by Jordan Peele

After Alex Garland, we move on to another auteur from a numerically limited but cinematically inspired filmography.

Indeed, Jordan Peele has managed to make his way among countless colleagues despite having made only two films, Us and Get Out.

Two films that humorously range between science fiction and psychological horror in an entertaining mockery of the racism still alive in American society.

This time the New York director takes on the theme of an extraterrestrial invasion, setting it on a small California ranch.

Strange events happen over the heads of a horse breeder from a long-established company that has always worked on movie sets.

After a long period of glory, the family falls apart when the father dies during a freak accident.

But the accident did not happen by accident, for in the clouds above the ranch lurks an unnameable danger.

With his sister and a technician from the nearby supermarket, the cowboy will try to film evidence of UFOs to become famous and save his horses.

On the web, I have read a vast majority of opinions mercilessly crushing this film, which I, on the other hand, found perfectly in line with Peele’s style.

The basic idea is very original, albeit in the overused context of the alien genre; so are the direction and dialogue.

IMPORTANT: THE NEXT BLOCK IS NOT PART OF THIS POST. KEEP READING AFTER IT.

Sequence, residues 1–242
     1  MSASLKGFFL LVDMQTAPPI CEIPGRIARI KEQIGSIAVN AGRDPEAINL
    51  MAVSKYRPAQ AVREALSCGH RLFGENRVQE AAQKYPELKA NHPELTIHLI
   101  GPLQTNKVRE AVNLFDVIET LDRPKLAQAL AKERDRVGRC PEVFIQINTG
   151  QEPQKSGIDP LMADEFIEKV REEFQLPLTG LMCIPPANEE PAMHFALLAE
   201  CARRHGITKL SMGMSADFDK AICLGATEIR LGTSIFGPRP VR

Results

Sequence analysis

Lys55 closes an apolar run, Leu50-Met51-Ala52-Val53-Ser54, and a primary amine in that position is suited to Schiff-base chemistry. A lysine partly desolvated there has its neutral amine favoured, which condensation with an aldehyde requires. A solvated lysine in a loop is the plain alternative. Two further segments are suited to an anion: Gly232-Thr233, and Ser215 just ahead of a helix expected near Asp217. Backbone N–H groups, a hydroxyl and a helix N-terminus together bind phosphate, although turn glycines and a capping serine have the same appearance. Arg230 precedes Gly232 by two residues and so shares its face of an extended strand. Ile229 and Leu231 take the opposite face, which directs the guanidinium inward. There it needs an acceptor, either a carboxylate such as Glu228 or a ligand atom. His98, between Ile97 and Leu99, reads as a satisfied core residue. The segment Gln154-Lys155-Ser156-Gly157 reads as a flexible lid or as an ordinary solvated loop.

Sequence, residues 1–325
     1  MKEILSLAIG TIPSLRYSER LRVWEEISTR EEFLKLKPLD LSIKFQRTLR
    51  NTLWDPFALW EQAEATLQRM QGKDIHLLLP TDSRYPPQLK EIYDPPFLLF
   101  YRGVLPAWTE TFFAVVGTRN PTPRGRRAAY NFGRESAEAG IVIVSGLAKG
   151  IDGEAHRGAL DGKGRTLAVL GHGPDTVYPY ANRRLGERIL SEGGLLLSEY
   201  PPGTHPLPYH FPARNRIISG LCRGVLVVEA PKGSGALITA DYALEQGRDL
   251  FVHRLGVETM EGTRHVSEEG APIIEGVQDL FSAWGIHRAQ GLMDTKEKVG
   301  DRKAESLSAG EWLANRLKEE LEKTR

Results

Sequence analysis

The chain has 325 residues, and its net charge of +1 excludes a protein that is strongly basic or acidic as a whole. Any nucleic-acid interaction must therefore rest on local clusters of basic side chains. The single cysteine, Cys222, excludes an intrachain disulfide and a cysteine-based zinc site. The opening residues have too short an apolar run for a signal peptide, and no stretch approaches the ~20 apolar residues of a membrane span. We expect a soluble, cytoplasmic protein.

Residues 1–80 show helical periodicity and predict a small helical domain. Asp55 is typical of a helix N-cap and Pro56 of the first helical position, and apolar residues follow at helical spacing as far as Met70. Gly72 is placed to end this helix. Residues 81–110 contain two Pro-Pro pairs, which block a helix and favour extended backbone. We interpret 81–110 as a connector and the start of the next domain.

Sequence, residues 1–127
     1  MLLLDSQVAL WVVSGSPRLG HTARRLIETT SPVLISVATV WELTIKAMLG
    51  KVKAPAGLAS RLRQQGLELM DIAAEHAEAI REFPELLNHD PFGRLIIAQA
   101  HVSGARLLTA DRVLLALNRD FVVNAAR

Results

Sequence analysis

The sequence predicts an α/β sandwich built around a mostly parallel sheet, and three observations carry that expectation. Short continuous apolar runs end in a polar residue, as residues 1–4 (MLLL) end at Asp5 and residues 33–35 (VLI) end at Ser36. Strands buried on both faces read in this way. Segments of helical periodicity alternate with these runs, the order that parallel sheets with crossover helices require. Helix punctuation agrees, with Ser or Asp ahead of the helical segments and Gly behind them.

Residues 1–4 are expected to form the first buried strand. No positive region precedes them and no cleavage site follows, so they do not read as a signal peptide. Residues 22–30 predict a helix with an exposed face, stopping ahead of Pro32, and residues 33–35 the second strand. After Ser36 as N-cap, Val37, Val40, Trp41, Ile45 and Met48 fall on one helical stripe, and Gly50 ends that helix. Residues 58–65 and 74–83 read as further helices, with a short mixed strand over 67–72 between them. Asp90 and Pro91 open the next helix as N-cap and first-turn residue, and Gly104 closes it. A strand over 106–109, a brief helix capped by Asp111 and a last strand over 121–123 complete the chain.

Perhaps the horror parts could have been bloodier and nastier, but the omnipresent tension is just proper and never wanes until the last minute.

Apt is the choice of Daniel Kaluuya as the lead actor, this time in a more introverted and quiet role than in Get Out.

In short, Peele adds another essential 2022 brick to the movie collection he is nurturing so passionately.

He does so, perhaps antagonizing some fans, but bravely staying true to his idea of cinema.

The Northman

by Robert Eggers

Finally, we conclude with one of the best directors to come out in the last ten years, once again with only three films to his credit.

After the splendid horror The Witch and the hallucinating drama The Lighthouse, Robert Eggers revisits Hamlet in a Norse mythological sauce.

That being said, the plot unfolding is somewhat predictable; we will see little Amleth helplessly witnessing the murder of his father.

The murderer is his cruel uncle, who mistakenly believes he, too, is dead, forcing him to flee after usurping the kingdom.

The child has grown into Alexander Skarsgård‘s overfilled body of Viking muscle and rage many years later.

By now, he is a fearless warrior who is part of a fierce band of raiders, but the woodworm of revenge is still firmly planted in his mind.

Therefore, when the opportunity presents itself, he mingles with a group of prisoners sold as enslaved people to his hated regicide uncle.

But even before he sees the blood flow that he longs for, Amleth falls in love with another young slave girl with whom he might have a different fate.

As I said, it is not in the plot that we should look for the originality of this film.

But instead, it is admirable the top class with which Eggers directs and stages.

His first two works shocked me much more deeply, yet The Northman is an incredible spectacle.

Especially if you can admire it at the cinema, this is a blockbuster worth every penny of the ticket.

The tremendous Icelandic moors become a drama-fantasy spectacle of love, resentment, and struggle for honor and survival.

And in the end, life and death find the space to coexist in a final breathtaking fight in the heart of a volcano’s flames.